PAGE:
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Paul Musafiri, Stefan Hauser, Albert Lema, James Legg:
Control of Immature Bemisia tabaci Stages by Natural Enemies on Cassava in Eastern DR Congo


$^{1}$International Institute of Tropical Agriculture (IITA), Cassava Agronomy, DR Congo
$^{2}$International Institute of Tropical Agriculture (IITA), Nigeria
$^{3}$University of Kinhasa, Crop Science, Tanzania
$^{4}$International Institute of Tropical Agriculture (IITA), Tanzania

Cassava is the main food crop in DR Congo and is produced, processed and consumed in all provinces of the country. Nevertheless yield remains low due to multiple factors, of which cassava mosaic disease (CMD) and cassava brown streak disease (CBSD) are among the greatest threats. Resistant varieties are highly effective in controlling CMD, but these varieties, like local landraces, are infested by super-abundant populations of the whitefly vector, Bemisia tabaci, and are susceptible to CBSD. In attempting to search for an alternative control method for whiteflies and the viruses they transmit, a survey investigating the impact of native natural enemies on the mortality of younger whitefly stages was conducted from February to April 2010. The survey sites were the Ruzizi Plain, Kabare and, Walungu in SouthKivu; Lwama, Katako, Wamaza and Kalima in Maniema; and Rutshuru and Beni in North Kivu. Cassava fields aged between 3 and 9 months were sampled. Plants bearing whitefly larvae were selected. From the top of the plant, the youngest leaf carrying whitefly pupae and all older leaves were picked, placed in plastic bags and then in a cool box. Using a stereo microscope, we distinguished third and fourth instar larvae, pupae and exuviae. A portion of the leaves carrying parasitized pupae were incubated until hatching occurred. Larvae were recorded as healthy, dead, parasitized or predated. Healthy larval instars were more abundant compared to predated, dead or parasitized instars. Parasitism was the main cause of death with 28.5% of larvae being parasitised, 7.8% being dead and 7% predated. Adults of two genera of aphelinid parasitoids emerged from parasitized whitefly pupae. The most frequent were those from the genus Encarsia, followed by Eretmocerus individuals. In conclusion, the mortality of whiteflies caused by native natural enemies in cassava fields is low and thus unlikely to reduce the spread and impact of CMD and CBSD. There is likely to be merit, however, in exploring measures that would enhance levels of parasitism, or alternatively identifying and introducing other parasitoid species that are more efficient in controlling cassava B. tabaci than the presently occurring species.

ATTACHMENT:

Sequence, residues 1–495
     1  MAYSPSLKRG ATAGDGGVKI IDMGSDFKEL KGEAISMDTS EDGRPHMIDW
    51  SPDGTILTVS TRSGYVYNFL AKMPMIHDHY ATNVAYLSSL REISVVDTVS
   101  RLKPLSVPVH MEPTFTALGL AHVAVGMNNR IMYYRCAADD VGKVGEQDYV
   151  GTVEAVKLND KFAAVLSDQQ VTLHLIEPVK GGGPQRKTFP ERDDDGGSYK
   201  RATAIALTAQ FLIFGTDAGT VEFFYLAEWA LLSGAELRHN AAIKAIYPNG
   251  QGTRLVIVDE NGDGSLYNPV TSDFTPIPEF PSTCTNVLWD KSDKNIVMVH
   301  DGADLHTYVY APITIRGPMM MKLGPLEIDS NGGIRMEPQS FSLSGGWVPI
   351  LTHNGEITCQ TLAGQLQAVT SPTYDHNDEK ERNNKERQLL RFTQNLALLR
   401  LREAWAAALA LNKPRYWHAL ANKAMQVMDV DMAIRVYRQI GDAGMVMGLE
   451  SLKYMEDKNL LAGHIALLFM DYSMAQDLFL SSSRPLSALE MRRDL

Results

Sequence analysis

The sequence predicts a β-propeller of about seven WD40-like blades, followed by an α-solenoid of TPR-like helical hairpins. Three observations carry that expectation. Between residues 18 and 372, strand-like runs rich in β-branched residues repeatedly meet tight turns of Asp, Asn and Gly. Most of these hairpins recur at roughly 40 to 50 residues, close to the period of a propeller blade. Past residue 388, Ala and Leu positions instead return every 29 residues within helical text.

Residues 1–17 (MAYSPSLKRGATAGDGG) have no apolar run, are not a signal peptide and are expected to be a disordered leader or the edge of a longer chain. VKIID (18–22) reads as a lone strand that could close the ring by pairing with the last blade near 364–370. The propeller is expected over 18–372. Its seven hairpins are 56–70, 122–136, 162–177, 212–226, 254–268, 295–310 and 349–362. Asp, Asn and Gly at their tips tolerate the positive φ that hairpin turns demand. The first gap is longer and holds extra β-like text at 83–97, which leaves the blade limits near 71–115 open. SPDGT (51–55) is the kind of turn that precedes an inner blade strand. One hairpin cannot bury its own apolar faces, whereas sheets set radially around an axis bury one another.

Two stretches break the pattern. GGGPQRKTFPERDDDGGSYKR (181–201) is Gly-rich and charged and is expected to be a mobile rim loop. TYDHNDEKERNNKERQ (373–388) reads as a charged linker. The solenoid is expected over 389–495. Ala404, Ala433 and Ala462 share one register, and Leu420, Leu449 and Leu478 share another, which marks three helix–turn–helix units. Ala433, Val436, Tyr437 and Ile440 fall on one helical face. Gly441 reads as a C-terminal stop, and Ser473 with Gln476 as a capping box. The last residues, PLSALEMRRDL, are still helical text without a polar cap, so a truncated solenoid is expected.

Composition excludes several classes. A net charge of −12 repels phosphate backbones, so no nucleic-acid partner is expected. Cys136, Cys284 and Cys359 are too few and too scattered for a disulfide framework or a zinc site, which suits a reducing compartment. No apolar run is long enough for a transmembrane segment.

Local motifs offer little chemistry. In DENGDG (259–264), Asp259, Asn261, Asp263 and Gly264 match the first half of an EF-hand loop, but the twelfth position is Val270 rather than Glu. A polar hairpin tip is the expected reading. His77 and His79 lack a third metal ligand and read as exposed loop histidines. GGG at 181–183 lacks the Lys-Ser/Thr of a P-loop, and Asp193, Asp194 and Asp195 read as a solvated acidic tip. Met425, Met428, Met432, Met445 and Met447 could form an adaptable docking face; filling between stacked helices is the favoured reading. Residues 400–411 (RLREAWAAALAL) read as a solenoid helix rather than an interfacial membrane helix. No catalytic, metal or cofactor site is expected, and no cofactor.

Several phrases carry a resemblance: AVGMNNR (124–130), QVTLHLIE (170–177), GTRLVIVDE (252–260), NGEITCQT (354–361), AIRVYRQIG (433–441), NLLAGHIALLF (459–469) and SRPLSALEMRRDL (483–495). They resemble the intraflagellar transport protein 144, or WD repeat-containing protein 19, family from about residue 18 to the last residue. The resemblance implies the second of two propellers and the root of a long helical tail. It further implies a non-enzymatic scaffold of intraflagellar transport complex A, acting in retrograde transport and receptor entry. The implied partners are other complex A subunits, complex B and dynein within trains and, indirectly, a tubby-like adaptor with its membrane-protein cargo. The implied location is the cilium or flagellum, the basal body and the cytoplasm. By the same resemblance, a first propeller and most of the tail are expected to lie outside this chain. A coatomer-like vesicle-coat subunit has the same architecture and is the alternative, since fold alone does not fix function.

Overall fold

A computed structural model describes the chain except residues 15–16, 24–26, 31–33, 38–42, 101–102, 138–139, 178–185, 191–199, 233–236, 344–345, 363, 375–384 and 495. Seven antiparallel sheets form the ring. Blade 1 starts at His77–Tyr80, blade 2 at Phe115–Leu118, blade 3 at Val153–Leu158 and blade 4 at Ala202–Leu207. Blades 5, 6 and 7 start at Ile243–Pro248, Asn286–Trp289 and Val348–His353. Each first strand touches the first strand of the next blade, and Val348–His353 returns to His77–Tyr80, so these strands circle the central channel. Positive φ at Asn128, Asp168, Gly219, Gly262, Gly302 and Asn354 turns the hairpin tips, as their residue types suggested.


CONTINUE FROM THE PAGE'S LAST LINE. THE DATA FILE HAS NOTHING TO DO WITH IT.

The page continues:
Keywords: Biological control, cassava mosaic disease


Contact Address: Stefan Hauser, International Institute of Tropical Agriculture (IITA)Oyo Road, Ibadan, Nigeria, e-mail:

next up previous contents index
Next: Aouco Armel, Fayalo Germain, Up: Posters Previous: Mahmood Alansari, Maria Renate   Contents   Index
Andreas Deininger, September 2015